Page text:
Worm Breeder's Gazette 10(3): 18

These abstracts should not be cited in bibliographies. Material contained herein should be treated as personal communication and should be cited as such only with the consent of the author.

Update on her-1 Transcripts

Carol Trent and W.B. Wood

Genomic DNA from the region of the her-1 locus was obtained by: (i) 
transposon-induced reversion of the dominant,gf allele her-1(n695) to 
generate the recessive lf allele her-1(ct50n695), (ii) identification 
of a Tc1 insertion, ctP3, tightly linked to the ct50 mutation, (iii) 
cloning of ctP3 and unique flanking sequences, and (iv) identifying a 
contig of cosmids (courtesy of A.  Coulson and J.  Sulston) spanning 
the ctP3 site (C.  elegans Meeting Abstracts, 1987, p.  32).  This 
contig, of >200 kb, was oriented with respect to the genetic map using 
polymorphisms between DH424 and N2 strains.
Using a cDNA mapping technique, transcribed regions in the vicinity 
of ctP3 have been identified, and one of them has been further 
characterized as follows.  Orientation and rough mapping experiments 
indicate that the ctP3 site is about 3 kb upstream from the start of 
transcription.  A 1.4-kb HindIII fragment containing almost all of the 
transcribed sequence hybridizes to two bands on gel blots of RNA from 
mixed population him-8 (XX and XO) animals: an abundant 0.9-kb and a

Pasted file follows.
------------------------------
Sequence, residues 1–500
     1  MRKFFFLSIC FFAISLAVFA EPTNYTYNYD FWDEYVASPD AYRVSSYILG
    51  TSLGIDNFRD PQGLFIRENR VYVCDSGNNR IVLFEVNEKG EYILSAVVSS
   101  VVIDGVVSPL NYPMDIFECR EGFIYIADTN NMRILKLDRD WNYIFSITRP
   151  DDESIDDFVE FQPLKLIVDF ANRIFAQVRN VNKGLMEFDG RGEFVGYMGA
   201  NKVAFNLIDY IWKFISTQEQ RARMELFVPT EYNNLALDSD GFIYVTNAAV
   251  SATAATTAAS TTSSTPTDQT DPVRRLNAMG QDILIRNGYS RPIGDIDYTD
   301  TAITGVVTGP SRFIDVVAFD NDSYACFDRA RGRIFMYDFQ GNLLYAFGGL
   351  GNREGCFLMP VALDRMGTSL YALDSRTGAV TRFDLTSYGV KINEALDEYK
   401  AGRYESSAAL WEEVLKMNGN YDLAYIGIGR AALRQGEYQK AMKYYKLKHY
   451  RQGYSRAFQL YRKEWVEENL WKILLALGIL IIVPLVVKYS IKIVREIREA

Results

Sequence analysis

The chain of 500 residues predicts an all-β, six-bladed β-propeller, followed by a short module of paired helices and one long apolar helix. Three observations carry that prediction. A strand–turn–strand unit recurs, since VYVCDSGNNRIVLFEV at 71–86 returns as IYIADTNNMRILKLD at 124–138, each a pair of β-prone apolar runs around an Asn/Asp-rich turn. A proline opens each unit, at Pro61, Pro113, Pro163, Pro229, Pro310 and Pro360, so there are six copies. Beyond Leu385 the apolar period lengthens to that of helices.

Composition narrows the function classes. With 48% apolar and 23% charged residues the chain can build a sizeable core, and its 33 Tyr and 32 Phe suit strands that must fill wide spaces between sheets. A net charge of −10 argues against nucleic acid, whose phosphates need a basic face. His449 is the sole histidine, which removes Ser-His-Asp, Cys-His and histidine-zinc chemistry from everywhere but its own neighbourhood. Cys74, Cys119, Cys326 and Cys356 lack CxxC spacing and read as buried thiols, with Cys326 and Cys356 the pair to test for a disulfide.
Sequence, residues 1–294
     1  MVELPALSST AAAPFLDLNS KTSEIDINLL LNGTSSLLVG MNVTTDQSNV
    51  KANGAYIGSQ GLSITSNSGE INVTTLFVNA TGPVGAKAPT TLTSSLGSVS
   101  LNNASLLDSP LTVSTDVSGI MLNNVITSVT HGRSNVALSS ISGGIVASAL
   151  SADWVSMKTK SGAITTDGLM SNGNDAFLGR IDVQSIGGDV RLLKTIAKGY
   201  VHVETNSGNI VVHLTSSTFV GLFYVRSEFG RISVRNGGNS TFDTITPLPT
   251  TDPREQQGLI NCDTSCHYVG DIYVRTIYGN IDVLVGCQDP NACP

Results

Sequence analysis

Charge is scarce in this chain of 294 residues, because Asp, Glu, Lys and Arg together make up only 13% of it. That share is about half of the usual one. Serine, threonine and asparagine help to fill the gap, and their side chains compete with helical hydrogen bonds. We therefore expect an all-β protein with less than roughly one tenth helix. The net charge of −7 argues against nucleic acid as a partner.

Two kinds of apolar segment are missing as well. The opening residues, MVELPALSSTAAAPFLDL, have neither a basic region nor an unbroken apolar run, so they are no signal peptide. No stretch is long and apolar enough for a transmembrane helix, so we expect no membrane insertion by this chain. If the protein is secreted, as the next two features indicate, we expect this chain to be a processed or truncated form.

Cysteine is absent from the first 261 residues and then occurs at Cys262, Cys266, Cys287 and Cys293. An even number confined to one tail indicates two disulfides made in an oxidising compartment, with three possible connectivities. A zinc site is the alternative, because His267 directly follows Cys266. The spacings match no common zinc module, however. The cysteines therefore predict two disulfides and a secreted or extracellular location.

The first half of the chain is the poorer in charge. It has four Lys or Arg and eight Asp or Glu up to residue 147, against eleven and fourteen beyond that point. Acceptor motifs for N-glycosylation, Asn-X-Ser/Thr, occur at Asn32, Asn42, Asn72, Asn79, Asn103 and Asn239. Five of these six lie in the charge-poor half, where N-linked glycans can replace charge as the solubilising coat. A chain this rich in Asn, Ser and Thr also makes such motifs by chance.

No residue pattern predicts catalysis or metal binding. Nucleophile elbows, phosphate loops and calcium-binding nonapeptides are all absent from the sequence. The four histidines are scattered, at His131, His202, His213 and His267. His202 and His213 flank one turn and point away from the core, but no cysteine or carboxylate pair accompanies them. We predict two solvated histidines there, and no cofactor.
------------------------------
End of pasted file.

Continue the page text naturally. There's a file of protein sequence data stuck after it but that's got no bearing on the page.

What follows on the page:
less abundant 1.3-kb transcript.  Both transcripts are also present in 
gravid him-8 hermaphrodites (containing XX and XO embryos), but are 
greatly reduced or absent in RNA of mixed population or gravid N2 XX 
hermaphrodites.  Two strong her-1 (lf) alleles, ct50n695 and y10  
result in disappearance of the larger transcript, but do not appear to 
affect the smaller one; two other recessive her-1 mutations, ct22n695  
do not appear to affect either transcript.  Both transcripts are 
present in her-1(n695) XX hermaphrodites (which are variably 
masculinized), but absent from tra-1(e1099) XX animals (which are 
essentially completely masculinized).  These findings are consistent 
with earlier genetic analysis and with the Hodgkin model, which 
predicted that for wild-type sex determination, her-1 activity should 
normally be high in XO animals and low or absent in XX animals, and 
that this activity should not be required for the masculinization of 
XX animals caused by tra-1(lf) mutations.  Furthermore, our results 
strongly suggest that the sex-specific activity of her-1 is controlled 
at the level of transcription, in contrast to the post-transcriptional 
mechanisms that control autosomal sex-determining genes in Drosophilia.
Transcript mapping and sequencing of her-1 genomic and cDNA clones 
are in progress.